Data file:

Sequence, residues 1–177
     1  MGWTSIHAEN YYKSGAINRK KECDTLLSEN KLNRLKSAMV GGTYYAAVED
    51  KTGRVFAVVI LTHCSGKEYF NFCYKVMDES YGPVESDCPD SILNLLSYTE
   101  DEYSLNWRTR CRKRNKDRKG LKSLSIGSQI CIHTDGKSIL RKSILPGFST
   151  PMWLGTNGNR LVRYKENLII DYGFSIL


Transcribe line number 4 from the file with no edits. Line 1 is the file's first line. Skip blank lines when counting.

   101  DEYSLNWRTR CRKRNKDRKG LKSLSIGSQI CIHTDGKSIL RKSILPGFST